Hungry Hungry Ghosts
Hey guys! So today is the start of the Chinese Ghost Month, or what we call Hungry Ghost Festival! So since I’ve written quite a bit on this festival, all the links to my entries can be found here, or on the myths featured page
This Wednesday, Imma feature some more stuff about the ghost month, so look out for that, yo!
Whoops I missed the start of the month. This is what happens when you move countries.
ugh food and family
in my house we all ate the same thing, together, even if some people didn’t like what was being made. that is how it goes down now but since i am vegan i get excluded. in the beginning it was tough because i had never cooked before but i had to because i was instantly excluded. no one wanted to cook for me, no one wanted to make a separate meal. i completely understand why my family wouldn’t want to do that but it was just very difficult. it’s not so difficult now because i know how to make food. in fact, i think i make food better than my family because since i became vegan i have completely gone out of the box. i don’t make the same thing over and over again. and if i do make a favorite i might change it up a little bit so i am not bored. food is something we share with people and at home that just isn’t what happens anymore, not with me anyway. that part is tough because even though i make my own food there is still this exclusion i am not comfortable with. i can make vegan burgers while they make meat burgers. we can share some fries! once in a blue moon i can make everyone a curry instead of me making a shitload of curry, them saying it smells so fucking good, and then they make something else. i just find it incredibly insulting. when they get takeout, they don’t even ask me if i want it. usually my answer will probably be no because they pick not so easily veganized food places but there are times i do say yes!!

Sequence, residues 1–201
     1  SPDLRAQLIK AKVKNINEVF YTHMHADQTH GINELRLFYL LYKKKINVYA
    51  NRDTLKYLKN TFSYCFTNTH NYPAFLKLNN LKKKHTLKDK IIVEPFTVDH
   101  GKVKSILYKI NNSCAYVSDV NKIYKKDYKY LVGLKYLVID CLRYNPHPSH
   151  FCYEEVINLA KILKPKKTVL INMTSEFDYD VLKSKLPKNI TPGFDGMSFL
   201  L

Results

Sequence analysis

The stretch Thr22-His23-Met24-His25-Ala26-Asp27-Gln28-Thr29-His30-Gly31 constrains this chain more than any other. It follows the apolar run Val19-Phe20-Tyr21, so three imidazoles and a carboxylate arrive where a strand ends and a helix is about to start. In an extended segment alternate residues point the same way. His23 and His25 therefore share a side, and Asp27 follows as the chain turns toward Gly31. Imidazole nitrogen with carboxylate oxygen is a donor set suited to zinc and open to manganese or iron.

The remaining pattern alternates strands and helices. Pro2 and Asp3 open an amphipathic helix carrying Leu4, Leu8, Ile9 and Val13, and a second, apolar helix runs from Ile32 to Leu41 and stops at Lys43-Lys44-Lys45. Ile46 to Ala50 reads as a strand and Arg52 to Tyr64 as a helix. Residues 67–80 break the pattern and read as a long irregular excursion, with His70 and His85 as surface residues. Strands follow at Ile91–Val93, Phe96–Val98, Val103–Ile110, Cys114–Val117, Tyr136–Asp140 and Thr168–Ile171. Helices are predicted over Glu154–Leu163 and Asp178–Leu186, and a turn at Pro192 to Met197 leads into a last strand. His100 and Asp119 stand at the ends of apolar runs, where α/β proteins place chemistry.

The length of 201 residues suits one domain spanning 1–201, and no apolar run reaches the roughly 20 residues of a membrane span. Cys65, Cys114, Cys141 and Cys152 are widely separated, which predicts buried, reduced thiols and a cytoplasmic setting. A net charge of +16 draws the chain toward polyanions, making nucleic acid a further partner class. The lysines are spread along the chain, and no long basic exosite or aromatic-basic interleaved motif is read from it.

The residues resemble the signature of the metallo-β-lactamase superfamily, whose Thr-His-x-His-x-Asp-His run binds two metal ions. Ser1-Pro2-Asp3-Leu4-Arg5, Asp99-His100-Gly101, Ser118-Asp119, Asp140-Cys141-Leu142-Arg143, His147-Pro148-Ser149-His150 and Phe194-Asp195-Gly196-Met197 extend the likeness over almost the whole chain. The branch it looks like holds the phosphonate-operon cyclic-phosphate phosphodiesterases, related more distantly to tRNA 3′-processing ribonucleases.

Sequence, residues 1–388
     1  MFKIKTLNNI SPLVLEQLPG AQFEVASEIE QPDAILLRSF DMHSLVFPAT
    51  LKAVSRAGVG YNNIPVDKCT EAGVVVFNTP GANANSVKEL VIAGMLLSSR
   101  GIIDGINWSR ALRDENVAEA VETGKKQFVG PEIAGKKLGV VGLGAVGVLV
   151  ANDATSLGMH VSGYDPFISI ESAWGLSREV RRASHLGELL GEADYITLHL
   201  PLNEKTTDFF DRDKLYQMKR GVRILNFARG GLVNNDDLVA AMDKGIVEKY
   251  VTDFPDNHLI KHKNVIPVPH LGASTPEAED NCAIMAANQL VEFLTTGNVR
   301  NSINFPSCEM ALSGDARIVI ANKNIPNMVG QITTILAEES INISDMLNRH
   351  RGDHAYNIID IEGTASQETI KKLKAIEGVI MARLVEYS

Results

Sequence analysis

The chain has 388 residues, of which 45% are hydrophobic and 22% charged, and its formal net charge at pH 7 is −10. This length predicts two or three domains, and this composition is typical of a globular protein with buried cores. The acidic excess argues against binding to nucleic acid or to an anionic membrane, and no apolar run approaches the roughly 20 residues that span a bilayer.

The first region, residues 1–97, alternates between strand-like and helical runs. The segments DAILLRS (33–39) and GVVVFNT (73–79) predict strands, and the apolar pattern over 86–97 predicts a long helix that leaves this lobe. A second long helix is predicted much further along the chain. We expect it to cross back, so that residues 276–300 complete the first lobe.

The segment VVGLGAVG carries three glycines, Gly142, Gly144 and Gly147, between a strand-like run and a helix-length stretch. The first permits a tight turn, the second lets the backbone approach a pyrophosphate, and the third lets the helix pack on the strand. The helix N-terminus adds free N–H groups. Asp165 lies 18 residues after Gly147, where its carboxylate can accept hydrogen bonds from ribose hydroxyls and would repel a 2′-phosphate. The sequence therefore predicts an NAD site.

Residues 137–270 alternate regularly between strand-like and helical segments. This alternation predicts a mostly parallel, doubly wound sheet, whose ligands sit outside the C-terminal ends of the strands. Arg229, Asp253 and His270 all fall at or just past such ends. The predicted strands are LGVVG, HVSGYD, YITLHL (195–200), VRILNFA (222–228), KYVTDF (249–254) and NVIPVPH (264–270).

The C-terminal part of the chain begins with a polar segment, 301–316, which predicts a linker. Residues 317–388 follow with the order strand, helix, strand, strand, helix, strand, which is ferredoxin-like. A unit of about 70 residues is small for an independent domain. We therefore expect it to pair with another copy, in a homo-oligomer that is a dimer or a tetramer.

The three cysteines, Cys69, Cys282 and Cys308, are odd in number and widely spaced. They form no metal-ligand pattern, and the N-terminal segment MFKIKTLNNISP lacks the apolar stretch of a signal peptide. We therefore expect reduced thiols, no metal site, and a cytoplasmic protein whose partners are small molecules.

i’ve spoken to them about this and it was very emotional for me because there is so much connecting when you make food for people and share it with others. and i hardly ever get to experience that.
i make them a lot of baked goods though. family, please reciprocate sometime!
I have a similar experience with IBS. Food is such a social thing. I notice it most at holidays when everyone gathers to eat food. If I can’t eat what everyone else is eating, I do feel left out. Logically I know they just want to eat what they have always eaten, but I still get upset when everyone has apple pie and ice cream for dessert except me. Whole Foods makes vegan apple pie and coconut milk ice cream… but if I want that, I usually have to bring it myself.
Oddly enough my sister became a vegetarian when she was a teenager so they had to get used to cooking differently for her. But now they’re all set in their ways and they invite me over for dinner without realizing they’re having something that’s not going to be easy on my stomach.
I don’t know if other people of Chinese ethnicity have had the same experience as me, but I found that being included in these situations (I don’t live with my parents any more, so just at holidays, family events, dinner parties and things) was a lot easier with my family than with my partner’s family. There were those ubiquitous Chinese mock meats, there’s the ease with which something stir-fried can have meat or not have meat, that sort of stuff. My partner, on the other hand, comes from a pretty English family, so we got a lot of boiled vegetables and odd looks across the table, and her grandmother freaked out that she’d never be able to cook for us ever again.
So I guess what I’m saying is, I’m glad my family were, if not supportive, than at least willing to adjust when I came over, and aware of the issues.